Patients say they are disappointed at five-year wait for Edinburgh's new eye hospital
Patients who campaigned to reinstate plans for a new eye hospital in the Capital say they are disappointed it will be another five years before it opens.
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The Scottish Government – who pulled the plug on the replacement for the not-fit-for-purpose Princess Alexandra Eye Pavilion in December 2020 – has now performed a U-turn and approved the outline business case for the new hospital.
But NHS Lothian has set out a timetable which would see planning consent in September 2023, construction start in June 2024 with a completion date of September 2026 and the opening timed for December 2026.
Hazel Kelly, a founder member of Keep Edinburgh Eye Pavilion group (KEEP) which was formed to press the government to back the new hospital, welcomed the U-turn but voiced frustration over the length of time before the new building would be ready.
She said KEEP had been worried when the new hospital was promised as part of a decade-long programme of investment that they could even be facing a ten-year wait.
“I'm relieved it's not longer than five years, but I'm still disappointed it's going to take until 2026, given that we've wasted so much time already with the previous case before the government stopped it.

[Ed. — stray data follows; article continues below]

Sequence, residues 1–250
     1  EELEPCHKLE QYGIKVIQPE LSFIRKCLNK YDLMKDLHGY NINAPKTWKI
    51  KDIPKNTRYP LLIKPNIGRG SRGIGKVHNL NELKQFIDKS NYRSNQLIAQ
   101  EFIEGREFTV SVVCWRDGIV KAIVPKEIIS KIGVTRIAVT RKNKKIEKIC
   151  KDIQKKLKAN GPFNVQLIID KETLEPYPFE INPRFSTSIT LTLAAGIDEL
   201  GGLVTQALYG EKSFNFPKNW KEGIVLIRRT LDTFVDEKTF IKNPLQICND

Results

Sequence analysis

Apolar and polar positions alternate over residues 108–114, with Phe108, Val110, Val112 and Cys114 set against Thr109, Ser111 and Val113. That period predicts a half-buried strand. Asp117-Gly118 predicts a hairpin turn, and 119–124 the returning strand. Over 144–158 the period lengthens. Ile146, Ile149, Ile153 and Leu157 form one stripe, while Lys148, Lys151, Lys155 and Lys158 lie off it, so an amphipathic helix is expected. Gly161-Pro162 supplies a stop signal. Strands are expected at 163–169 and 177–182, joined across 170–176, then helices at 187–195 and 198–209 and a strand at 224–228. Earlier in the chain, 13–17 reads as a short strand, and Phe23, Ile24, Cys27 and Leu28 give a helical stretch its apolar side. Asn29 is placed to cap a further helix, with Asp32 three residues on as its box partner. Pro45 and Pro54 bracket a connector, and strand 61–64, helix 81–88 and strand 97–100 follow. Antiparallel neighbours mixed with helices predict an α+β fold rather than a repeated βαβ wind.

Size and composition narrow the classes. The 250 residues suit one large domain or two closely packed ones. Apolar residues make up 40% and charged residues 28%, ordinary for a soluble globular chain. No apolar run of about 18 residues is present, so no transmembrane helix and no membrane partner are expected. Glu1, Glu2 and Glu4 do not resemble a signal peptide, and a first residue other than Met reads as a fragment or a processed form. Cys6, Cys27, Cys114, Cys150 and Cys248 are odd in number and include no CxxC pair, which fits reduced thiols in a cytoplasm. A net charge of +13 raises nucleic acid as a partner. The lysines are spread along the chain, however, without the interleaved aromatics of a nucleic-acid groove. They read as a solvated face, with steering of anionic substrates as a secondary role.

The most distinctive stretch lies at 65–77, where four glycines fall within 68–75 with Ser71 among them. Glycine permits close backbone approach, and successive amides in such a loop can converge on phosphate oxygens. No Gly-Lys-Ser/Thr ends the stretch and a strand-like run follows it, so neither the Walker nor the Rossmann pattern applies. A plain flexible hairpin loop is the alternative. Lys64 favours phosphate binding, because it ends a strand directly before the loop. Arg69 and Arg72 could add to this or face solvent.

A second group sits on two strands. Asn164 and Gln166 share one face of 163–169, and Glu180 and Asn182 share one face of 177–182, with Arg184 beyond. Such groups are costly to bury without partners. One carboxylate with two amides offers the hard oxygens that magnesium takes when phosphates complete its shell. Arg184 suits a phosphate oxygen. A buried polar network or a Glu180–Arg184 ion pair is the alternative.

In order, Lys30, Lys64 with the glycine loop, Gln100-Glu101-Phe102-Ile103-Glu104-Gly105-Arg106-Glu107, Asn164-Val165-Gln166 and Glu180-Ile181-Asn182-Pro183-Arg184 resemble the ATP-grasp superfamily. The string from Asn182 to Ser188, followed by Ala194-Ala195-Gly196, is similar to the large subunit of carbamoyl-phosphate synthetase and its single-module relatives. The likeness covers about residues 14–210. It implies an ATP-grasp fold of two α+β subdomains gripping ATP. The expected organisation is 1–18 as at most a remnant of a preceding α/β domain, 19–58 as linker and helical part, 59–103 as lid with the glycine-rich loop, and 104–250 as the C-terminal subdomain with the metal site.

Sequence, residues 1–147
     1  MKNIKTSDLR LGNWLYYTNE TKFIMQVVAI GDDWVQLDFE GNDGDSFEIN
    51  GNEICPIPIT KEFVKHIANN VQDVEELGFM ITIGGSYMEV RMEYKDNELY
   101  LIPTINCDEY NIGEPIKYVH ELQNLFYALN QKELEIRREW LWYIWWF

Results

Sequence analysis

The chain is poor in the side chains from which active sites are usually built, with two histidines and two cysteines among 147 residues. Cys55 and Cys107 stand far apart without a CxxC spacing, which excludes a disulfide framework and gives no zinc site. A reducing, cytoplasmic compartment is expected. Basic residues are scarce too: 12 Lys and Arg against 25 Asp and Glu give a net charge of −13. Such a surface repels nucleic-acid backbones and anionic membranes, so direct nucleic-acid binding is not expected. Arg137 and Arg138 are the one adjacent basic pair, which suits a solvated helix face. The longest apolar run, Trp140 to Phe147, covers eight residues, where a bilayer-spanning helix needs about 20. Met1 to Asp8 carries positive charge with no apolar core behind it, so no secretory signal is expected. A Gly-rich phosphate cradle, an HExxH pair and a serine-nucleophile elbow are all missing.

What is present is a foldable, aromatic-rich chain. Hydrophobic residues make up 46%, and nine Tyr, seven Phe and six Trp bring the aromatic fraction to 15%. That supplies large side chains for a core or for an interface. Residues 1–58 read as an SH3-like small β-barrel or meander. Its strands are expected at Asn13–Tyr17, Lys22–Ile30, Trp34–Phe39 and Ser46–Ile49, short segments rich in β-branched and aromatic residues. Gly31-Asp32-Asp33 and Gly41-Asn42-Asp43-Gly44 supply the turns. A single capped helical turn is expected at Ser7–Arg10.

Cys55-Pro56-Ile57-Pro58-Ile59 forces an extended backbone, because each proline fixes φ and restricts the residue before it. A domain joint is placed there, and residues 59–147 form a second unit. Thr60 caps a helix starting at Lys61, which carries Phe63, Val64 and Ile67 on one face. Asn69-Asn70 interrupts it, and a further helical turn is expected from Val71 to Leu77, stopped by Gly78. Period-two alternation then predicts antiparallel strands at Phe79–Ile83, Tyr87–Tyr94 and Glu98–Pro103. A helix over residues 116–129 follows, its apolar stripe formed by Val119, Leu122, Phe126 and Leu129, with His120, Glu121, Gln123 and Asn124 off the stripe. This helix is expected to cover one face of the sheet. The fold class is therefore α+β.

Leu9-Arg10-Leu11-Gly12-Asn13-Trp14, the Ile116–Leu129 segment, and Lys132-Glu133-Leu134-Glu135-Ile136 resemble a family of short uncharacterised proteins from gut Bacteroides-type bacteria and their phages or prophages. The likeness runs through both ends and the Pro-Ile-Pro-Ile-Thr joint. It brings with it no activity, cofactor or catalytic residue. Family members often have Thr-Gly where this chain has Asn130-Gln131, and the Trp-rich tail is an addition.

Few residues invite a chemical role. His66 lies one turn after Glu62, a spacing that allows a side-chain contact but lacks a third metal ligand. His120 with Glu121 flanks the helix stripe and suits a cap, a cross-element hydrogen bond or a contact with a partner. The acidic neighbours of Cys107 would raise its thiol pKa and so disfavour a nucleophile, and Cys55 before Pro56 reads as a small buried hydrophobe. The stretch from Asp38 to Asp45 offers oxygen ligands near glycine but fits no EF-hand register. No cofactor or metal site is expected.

“The place would almost have been built by now if we had gone ahead with the previous trajectory.
"We had kind of reached this stage when it was all cancelled – architects had been employed, the building had been drawn and people like myself had been consulted and put in our ha'penceworth and then it was all just turned upside down. Now we're starting from the beginning again."
Lothian Labour MSP Sarah Boyack, who was part of a cross-party campaign to get the government to go ahead with the new hospital, said there now needed to be urgent progress on the project.
“Considering that there has already been substantial work on the project, 2026 seems a long time off.
“It means that public funds will be spent on a hospital that is not fit for purpose and patients will be forced to wait for five years in order to access the high quality, integrated eye services the new eye hospital will deliver.
“When the SNP government refused to fund a replacement building to provide eye care for the people in Lothian they essentially cancelled a project that was already approved. They failed to take into account the impact their decision would have on our constituents.
“Thousands of people in Edinburgh and the Lothians are living with sight loss or with side effects of an eye problem – their lives will be transformed with the new Eye Pavilion. An accessible location and high standards of care will make a huge difference and improve those peoples’ everyday life.
“The sooner we see a new centre of excellence in the area, the better. People in Lothian have waited long enough – let’s make sure that the work that was carried out over the years is used to build the new Eye Pavilion as soon as possible.”
NHS Lothian has said it is important with any new facility that the appropriate planning can take place to ensure patients’ needs are met into the future.